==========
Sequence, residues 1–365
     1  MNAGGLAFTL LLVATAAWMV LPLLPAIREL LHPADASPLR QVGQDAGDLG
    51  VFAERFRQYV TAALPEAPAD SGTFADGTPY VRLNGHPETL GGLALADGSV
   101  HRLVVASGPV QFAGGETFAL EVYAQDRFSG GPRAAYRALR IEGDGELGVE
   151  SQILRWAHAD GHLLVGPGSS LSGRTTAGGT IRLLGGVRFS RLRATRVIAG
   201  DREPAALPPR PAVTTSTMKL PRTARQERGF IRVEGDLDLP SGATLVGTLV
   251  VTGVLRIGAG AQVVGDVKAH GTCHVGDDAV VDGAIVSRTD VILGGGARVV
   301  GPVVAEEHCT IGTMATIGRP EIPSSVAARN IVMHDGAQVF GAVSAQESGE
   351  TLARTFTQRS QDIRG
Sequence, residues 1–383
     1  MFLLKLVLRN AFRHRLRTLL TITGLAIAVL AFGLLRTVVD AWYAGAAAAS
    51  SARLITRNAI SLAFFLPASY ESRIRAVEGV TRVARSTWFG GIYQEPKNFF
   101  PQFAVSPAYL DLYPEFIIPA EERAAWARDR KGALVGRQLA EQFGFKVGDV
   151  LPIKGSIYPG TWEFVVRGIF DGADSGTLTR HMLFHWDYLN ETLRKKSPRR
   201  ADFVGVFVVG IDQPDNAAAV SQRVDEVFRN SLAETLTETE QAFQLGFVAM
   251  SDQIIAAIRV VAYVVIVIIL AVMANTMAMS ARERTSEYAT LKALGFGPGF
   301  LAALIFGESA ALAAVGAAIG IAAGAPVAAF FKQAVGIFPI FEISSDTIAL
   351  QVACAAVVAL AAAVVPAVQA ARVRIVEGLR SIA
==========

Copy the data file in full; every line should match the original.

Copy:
Sequence, residues 1–365
     1  MNAGGLAFTL LLVATAAWMV LPLLPAIREL LHPADASPLR QVGQDAGDLG
    51  VFAERFRQYV TAALPEAPAD SGTFADGTPY VRLNGHPETL GGLALADGSV
   101  HRLVVASGPV QFAGGETFAL EVYAQDRFSG GPRAAYRALR IEGDGELGVE
   151  SQILRWAHAD GHLLVGPGSS LSGRTTAGGT IRLLGGVRFS RLRATRVIAG
   201  DREPAALPPR PAVTTSTMKL PRTARQERGF IRVEGDLDLP SGATLVGTLV
   251  VTGVLRIGAG AQVVGDVKAH GTCHVGDDAV VDGAIVSRTD VILGGGARVV
   301  GPVVAEEHCT IGTMATIGRP EIPSSVAARN IVMHDGAQVF GAVSAQESGE
   351  TLARTFTQRS QDIRG
Sequence, residues 1–383
     1  MFLLKLVLRN AFRHRLRTLL TITGLAIAVL AFGLLRTVVD AWYAGAAAAS
    51  SARLITRNAI SLAFFLPASY ESRIRAVEGV TRVARSTWFG GIYQEPKNFF
   101  PQFAVSPAYL DLYPEFIIPA EERAAWARDR KGALVGRQLA EQFGFKVGDV
   151  LPIKGSIYPG TWEFVVRGIF DGADSGTLTR HMLFHWDYLN ETLRKKSPRR
   201  ADFVGVFVVG IDQPDNAAAV SQRVDEVFRN SLAETLTETE QAFQLGFVAM
   251  SDQIIAAIRV VAYVVIVIIL AVMANTMAMS ARERTSEYAT LKALGFGPGF
   301  LAALIFGESA ALAAVGAAIG IAAGAPVAAF FKQAVGIFPI FEISSDTIAL
   351  QVACAAVVAL AAAVVPAVQA ARVRIVEGLR SIA